Tuesday 9 April 2019

A quick early tour of the park before visiting Rainham Marshes. It was misty and the light was very dim, so all today's pictures are a bit dingy.

Blackcaps sang all around the Long Water.

A Wren perched on a hawthorn twig.

A pair of Great Crested Grebes made a nest under the fallen willow near the bridge. They have made several vague attempts at nesting here, and this one may come to nothing.

But the nest at the east end of the island, won back from Coots, is now firmly occupied.

The platform of Bluebird Boats had only just been hosed down in preparation for the day's boat hire, but already a Coot was starting a nest on it.

The nest at the Dell restaurant in being built up to a good size.

A Pochard drake dived to look for food under the concrete edge of the Serpentine, where tiny creatures lurk in the algae.

Rainham Marshes is known for its wide and interesting range of wetland birds, but today's best picture from there was of a Robin feeding his mate -- a demonstration that he will provide for her when she is nesting.

A Chiffchaff sang in the top of a hawthorn tree.

A Dunnock found a larva on the tarmac path.

There was a Reed Bunting in the reeds beside the river.

A Lapwing was on her nest. You can see two eggs.

Another Lapwing looked for worms and insects in the long grass.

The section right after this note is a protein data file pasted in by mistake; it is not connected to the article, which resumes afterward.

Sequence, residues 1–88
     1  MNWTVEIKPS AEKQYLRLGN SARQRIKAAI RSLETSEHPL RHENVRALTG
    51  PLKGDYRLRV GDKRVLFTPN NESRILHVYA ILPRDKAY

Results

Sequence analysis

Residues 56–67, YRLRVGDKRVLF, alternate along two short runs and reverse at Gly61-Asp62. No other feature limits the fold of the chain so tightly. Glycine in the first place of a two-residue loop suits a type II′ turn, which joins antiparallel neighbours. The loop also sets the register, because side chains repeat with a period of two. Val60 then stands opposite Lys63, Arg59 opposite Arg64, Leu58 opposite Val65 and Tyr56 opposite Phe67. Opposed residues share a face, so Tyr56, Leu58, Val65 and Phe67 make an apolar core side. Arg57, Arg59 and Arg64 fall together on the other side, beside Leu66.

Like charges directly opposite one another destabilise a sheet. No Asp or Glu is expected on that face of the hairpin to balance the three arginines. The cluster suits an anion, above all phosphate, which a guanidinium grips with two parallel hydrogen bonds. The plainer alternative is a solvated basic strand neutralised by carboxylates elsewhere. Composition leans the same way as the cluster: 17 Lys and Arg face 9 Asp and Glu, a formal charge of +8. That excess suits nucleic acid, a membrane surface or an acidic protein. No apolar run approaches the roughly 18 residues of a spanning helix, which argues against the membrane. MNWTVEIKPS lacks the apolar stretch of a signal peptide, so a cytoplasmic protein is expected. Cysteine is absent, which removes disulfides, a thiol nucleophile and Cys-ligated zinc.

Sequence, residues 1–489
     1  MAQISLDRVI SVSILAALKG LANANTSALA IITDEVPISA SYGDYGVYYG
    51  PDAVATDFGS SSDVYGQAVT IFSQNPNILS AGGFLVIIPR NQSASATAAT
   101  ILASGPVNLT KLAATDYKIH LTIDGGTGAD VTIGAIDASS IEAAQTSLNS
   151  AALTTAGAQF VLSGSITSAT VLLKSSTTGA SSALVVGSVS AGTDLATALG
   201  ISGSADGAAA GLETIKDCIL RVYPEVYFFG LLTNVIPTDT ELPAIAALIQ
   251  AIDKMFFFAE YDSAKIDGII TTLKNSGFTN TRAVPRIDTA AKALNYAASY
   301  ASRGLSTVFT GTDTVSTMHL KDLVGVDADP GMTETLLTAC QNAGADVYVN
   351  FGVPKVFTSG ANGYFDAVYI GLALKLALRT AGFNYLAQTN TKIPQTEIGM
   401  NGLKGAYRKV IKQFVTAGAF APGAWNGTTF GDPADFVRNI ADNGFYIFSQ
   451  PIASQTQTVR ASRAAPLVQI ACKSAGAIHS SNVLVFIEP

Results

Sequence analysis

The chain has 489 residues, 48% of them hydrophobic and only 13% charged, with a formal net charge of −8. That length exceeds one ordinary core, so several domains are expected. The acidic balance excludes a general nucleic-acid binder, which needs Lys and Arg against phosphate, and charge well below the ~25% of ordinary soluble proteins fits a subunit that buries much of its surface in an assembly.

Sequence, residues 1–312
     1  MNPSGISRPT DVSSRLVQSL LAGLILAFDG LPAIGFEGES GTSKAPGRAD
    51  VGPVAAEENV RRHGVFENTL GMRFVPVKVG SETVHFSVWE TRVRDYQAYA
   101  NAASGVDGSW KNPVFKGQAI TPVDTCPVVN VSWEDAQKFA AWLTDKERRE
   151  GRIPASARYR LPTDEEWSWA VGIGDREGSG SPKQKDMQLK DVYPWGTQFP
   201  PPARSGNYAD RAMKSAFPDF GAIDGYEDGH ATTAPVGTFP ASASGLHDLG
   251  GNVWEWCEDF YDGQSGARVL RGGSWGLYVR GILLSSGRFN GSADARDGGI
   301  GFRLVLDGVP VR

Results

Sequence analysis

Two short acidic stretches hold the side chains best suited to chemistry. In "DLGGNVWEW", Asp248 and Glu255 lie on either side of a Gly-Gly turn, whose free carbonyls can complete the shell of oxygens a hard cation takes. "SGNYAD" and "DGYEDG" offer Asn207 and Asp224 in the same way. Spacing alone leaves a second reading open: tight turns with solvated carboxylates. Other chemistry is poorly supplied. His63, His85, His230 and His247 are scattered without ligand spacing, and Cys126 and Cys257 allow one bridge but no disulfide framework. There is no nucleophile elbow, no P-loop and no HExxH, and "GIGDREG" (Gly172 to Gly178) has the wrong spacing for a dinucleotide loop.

You can hear a Skylark in this clip, and here it is.

A Redshank flew across the water.

Three Curlews passed overhead.

A Little Egret stalked along the edge.

Two Marsh Harriers ranged over the reserve.

We had a very distant view of a Raven, a rare bird around London.

There were plenty of Little Gulls. At one point 13 flew up the river.

A flight of Gadwalls went by, with three drakes pursuing a female.

I suppose you ought to call a Shelduck drake a Sheldrake. Anyway, they are very decorative.

A flotilla of Common Scoters sat far out in the middle of the river.


  1. A Raven at Rainham Marshes- I'm impressed. Had no idea we get them in the South East. Although, come to think , I've no idea where I'd expect to get them? Just don't think I've ever seen one, other than incarcerated.

    1. Ravens do get reported around the fringes of London from time to time on the London Bird Club Wiki. They used to be common in the southeast, but have been squeezed out by urbanisation.

  2. Great pictures of Rainham Marshes! It always looks like a bird paradise.

    Where do the ravens from the London Tower come from? I know they are captive-bred, but I always wondered.

    There is nothing quite like the song of an English Skylark.

    1. I don't know where the Ravens at the Tower come from. It's possible that the current lot were all hatched here, since the last record I can find of Ravens being bought in is from 1945.

  3. You obviously picked a good day to visit Rainham with the Little Gulls, Common Scoter + Raven.

    1. It was indeed. But there's always something interesting there.

  4. I think Shelduck drakes are all called Rupert.